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Page:Dictionary of National Biography volume 29.djvu/309

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bart., at Apley, Shropshire, but returned to Oxford on the Restoration, was elected a fellow of his college, and on 16 Feb. 1660–1 took the degree of LL.D. On Dr. Mansell's resignation (1 March 1660–1) he succeeded him as head of the college, and discharged the office with ability. His friend Sir William Whitmore gave him the commissaryship of the deanery of the peculiar of Bridgnorth, Shropshire. The Dean of Westminster (John Earles) appointed him registrar of the consistory court of the abbey. In 1662 he was appointed deputy-professor of civil law in the university, and he was also assessor to the chancellor's court. He had long been a friend of Sheldon, whom he helped in the foundation of his theatre, drawing the conveyance with his own hand; and on Sheldon's translation from the see of London to that of Canterbury, he became his commissary and official for that diocese, and probably his vicar or official-general. He was also accustomed to conduct the foreign correspondence of the university, and was appointed to receive foreign visitors of distinction.

On 11 Nov. 1664 he entered the College of Advocates, and soon afterwards was appointed deputy to Dr. (afterwards Sir) Giles Sweit in the court of arches. On the outbreak of the Dutch war Jenkins was selected by the commissioners of prizes to serve on a committee entrusted with the framing of rules for the decision of prize cases (6 Feb. 1664–5). On 21 March following he was appointed assistant to Dr. John Exton [q. v.], judge of the court of admiralty. On the death of Exton he succeeded to his office, and on the death of Sir William Mericke, judge of the prerogative court of Canterbury, in January 1668–9, he succeeded to his place also. The death of Henrietta Maria at Colombes, near Paris, in the following August, raised an important point of international law. By English law Charles II was entitled to succeed to her personal property as her next of kin, to the exclusion of every one else, the statute of distributions not having then been passed. On the other hand the succession was claimed by Henrietta, duchess of Orleans, on the ground that she was the only one of Charles I's children who was entitled to succeed by French law. The English case was stated by Jenkins, who rested it on the somewhat questionable ground that as a member of the royal household Henrietta Maria could not by her residence in France divest herself of the English domicile which she had acquired on her marriage. Jenkins was also sent to France to assist the English ambassador in recovering the disputed succession. There his arguments or considerations of policy prevailed, and the Duchess of Orleans's claim was set aside. On his return he was knighted, 7 Jan. 1669–70 (Pepys, Diary, 26 March 1667; Cal. State Papers, Dom. 1664–5, p. 427; Strickland, Queens of England, ed. 1845, viii. 264). Jenkins was one of the commissioners in the abortive negotiations for a union with Scotland which took place in the autumn of 1670. From a letter to the Duke of York, written by him during the negotiations, it appears that he was adverse to the project (Mackenzie, Memoirs of the Affairs of Scotland from the Restoration of King Charles II (1821), p. 203). In 1672 Jenkins became one of the managers of the university press. On 11 Feb. 1672–3 he was returned to parliament for Hythe (Letters of Humphrey Prideaux to John Ellis, Camd. Soc., pp. 74–9), and in the following April resigned the headship of Jesus College. Sunderland, who did not act under the commission, Jenkins, and Sir Joseph Williamson [q. v.] were appointed to represent England at the abortive congress which, by the suggestion of Sweden, was summoned at Cologne (5 May 1673) to mediate between Holland on the one part and France and England on the other. Jenkins and Williamson returned in May 1674 to London, where a separate peace had already been concluded between England and Holland (19 Feb. N.S.) On his voyage home, while still in the Meuse off Brielle, Jenkins fired on a Dutch man-of-war for neglecting to lower her flag, upon which the Dutchman obeyed under protest (Mignet, Négociations relatifs à la Succession d'Espagne, iv. 138 et seq.)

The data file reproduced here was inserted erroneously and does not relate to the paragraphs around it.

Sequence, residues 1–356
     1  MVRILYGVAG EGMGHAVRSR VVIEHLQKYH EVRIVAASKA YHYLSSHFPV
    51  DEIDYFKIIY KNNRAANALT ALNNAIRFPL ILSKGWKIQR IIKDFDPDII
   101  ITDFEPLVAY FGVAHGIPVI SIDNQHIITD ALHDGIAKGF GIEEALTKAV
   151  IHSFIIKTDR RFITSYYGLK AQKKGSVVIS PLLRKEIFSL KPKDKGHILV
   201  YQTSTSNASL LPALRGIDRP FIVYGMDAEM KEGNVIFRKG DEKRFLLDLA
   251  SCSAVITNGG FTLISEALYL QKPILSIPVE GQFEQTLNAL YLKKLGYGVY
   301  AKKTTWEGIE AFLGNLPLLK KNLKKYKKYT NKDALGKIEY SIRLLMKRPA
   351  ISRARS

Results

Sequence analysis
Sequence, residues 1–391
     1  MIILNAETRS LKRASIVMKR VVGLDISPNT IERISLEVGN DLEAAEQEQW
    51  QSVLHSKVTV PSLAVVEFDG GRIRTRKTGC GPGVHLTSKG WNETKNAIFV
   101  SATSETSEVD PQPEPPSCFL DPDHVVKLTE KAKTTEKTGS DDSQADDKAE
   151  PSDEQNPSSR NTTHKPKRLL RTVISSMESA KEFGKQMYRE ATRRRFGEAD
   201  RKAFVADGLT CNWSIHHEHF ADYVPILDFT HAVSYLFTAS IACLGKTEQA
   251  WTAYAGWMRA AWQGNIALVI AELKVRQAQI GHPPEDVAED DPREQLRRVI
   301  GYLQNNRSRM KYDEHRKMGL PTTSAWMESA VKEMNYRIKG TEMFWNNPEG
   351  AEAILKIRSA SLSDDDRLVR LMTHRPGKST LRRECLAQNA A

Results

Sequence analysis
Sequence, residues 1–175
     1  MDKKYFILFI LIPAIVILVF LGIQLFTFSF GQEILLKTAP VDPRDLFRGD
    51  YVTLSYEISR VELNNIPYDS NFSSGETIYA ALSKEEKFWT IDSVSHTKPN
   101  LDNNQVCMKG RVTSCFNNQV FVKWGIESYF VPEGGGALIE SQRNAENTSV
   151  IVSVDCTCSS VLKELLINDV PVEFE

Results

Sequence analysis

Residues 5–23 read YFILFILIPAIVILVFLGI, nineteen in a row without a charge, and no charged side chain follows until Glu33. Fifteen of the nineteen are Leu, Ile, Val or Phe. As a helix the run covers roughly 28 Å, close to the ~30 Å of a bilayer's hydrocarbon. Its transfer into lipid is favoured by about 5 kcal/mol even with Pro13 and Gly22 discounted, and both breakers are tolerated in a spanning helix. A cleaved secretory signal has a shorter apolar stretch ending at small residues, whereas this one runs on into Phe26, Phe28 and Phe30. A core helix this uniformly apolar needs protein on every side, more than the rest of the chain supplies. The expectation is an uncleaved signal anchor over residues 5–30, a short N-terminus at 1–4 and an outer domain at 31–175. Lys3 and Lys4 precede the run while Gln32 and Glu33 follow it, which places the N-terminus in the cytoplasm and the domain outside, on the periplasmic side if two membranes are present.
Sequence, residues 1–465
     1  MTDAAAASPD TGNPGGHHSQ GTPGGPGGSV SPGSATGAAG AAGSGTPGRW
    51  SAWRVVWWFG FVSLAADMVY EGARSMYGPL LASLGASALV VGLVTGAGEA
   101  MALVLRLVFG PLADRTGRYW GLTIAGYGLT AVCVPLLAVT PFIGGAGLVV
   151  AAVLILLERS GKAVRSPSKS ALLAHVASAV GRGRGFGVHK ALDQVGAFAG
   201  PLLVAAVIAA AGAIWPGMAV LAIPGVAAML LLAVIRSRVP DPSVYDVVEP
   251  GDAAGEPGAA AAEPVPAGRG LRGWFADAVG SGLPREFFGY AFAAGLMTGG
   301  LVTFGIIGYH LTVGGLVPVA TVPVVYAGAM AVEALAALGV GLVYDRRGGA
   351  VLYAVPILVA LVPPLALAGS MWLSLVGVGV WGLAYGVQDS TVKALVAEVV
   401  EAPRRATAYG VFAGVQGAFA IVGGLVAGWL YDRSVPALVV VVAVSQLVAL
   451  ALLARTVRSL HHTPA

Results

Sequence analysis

The congress of Cologne was followed in 1676 by that of Nymwegen, at which Jenkins again represented his sovereign. Jenkins's colleagues were Lord Berkeley of Stratton [see Berkeley, John first Lord Berkeley of Stratton] and Sir William Temple [q. v.], but the burden of the negotiations fell upon him. He left England on 20 Dec. 1675, and reached the Hague on 3 Jan. (N.S.) Passing Brielle he fell in with two Dutch men-of-war, which saluted him only with their guns, but lowered their pennants on receiving the fire of his yacht. He reached Nymwegen on 16 Jan. (N.S.) Negotiations had hardly begun when Temple was recalled in June 1677, and nothing was done at Nymwegen until after the marriage between the Prince of Orange and the Princess Mary of England (4 Nov.) and the conclusion of an Anglo-Dutch alliance (March 1678, N.S.) In Temple's absence Jenkins showed much discretion in his relations with the French envoys, although he was unable to accept their terms. Louis, however, by his dilatory diplomacy